- Andrew Pulver
To misquote Bananarama, Robert De Niro is waiting inside the hotel room, talking on his phone, though probably not in Italian. I'm outside with the PR, who keeps easing open the door to check if he's done. The publicist is starstruck; he doesn't want to intrude. He explains that he grew up watching De Niro movies and that Taxi Driver is basically the reason he got into this business to begin with. We agree that it's wise to make no mention of this. He might shut the door and lock us out altogether.
De Niro is in town to discuss his new role as an ageing bull in a witness protection programme, and this seems fitting. »
- Xan Brooks
During an appearance on "The Arsenio Hall Show" on Friday (Nov. 8) to promote "Last Vegas," which he co-starred in with De Niro, Ferrara talked what it was like to be on the receiving end of a stunt punch from the legend.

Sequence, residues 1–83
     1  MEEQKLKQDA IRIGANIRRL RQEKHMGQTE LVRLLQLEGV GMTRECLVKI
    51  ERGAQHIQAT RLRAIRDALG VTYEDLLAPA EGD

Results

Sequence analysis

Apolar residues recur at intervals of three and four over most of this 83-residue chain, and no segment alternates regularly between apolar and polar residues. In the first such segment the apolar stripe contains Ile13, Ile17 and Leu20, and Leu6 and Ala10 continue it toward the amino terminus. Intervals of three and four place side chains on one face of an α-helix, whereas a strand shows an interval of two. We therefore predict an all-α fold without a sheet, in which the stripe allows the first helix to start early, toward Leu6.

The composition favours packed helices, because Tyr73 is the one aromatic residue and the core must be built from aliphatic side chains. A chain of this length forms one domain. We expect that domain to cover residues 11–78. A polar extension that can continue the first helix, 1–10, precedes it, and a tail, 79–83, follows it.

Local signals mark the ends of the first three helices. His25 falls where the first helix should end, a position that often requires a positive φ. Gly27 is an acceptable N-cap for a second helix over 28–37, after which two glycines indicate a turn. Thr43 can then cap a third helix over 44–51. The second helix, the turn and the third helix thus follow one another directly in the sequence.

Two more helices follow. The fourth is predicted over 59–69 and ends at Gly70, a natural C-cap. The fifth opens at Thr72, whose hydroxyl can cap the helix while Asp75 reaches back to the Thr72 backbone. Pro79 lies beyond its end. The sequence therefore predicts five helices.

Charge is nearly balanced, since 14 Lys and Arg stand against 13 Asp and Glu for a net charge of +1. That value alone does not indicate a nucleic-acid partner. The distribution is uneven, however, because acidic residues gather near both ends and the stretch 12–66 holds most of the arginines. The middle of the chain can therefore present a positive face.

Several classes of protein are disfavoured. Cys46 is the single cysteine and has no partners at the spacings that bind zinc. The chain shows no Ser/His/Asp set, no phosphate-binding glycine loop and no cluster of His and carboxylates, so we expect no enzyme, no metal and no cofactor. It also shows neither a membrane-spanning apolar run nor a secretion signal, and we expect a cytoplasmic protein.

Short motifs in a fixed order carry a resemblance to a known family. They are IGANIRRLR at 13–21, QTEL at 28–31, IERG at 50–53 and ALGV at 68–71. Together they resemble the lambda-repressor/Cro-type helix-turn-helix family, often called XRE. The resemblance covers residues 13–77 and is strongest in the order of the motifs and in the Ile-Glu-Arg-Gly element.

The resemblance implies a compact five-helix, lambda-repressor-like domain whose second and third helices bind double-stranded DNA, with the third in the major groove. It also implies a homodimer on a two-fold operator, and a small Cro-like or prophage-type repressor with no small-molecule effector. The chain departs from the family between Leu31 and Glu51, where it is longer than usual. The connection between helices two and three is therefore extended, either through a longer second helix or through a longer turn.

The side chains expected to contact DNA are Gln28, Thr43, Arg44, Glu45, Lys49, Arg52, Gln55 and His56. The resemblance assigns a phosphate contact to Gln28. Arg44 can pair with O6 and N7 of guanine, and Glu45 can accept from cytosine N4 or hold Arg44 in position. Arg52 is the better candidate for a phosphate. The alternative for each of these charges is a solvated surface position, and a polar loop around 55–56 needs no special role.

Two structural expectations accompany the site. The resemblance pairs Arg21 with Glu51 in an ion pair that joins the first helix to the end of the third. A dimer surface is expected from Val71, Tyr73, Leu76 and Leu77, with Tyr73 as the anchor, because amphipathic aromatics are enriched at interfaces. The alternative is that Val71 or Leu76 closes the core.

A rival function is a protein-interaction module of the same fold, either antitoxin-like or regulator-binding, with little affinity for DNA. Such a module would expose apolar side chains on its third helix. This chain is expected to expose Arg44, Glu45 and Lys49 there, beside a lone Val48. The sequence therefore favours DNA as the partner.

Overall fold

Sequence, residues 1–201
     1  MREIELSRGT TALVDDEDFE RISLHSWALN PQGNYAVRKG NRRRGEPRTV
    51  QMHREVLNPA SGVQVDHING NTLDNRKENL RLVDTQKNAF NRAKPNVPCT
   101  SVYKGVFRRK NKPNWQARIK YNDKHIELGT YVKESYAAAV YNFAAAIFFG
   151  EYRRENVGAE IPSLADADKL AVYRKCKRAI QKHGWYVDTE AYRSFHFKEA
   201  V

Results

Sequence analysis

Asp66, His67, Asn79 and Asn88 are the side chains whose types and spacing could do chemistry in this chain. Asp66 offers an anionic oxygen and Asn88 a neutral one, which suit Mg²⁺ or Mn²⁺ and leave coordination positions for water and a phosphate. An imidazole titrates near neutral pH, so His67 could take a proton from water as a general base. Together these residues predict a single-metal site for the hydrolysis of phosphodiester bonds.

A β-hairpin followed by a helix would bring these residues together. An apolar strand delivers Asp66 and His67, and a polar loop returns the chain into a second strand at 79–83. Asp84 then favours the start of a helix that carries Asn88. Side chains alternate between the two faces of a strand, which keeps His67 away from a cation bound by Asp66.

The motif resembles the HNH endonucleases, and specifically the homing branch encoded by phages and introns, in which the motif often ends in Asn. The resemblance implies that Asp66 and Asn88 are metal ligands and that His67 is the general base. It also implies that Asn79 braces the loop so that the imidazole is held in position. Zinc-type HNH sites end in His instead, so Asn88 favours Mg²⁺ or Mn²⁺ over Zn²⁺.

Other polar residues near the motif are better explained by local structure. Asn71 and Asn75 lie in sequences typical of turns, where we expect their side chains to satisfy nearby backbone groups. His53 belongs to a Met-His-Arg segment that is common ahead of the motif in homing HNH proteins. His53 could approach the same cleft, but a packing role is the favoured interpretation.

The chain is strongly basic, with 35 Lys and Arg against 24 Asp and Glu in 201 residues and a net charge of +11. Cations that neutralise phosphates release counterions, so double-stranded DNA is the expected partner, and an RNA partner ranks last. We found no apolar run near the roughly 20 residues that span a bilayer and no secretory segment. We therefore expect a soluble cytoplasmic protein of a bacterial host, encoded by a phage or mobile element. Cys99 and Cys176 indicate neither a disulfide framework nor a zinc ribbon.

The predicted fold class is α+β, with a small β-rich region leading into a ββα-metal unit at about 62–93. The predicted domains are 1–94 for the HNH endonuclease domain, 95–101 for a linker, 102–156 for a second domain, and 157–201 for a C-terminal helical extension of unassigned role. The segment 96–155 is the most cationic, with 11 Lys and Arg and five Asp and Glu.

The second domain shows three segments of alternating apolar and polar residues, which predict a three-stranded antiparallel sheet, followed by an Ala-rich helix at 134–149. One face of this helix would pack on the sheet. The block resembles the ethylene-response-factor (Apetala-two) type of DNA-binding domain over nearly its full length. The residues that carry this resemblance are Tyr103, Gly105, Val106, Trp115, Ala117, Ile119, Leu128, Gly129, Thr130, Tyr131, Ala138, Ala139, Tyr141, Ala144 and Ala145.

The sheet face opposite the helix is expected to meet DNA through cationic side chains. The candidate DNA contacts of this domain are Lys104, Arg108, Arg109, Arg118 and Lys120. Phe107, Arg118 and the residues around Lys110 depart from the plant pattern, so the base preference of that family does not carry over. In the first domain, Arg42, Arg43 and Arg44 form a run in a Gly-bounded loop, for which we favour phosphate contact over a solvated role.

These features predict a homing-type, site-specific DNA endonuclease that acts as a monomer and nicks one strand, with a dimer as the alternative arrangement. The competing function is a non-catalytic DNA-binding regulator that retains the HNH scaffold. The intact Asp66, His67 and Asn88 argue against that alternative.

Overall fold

"It's a stunt punch, but it was really kinda crazy in rehearsal, like, he comes up to me, 'I'm gonna hit you like this,'" he said while gesturing. "'Be careful when you fall, your shoes are tied. Don't hit the camera, watch your head.' Like, basically, he's protecting me. And then he's like, 'And then I'm gonna knock you out.'"
While the stunt punch likely resulted in no harm, Ferrera wasn't as lucky while promoting the film. »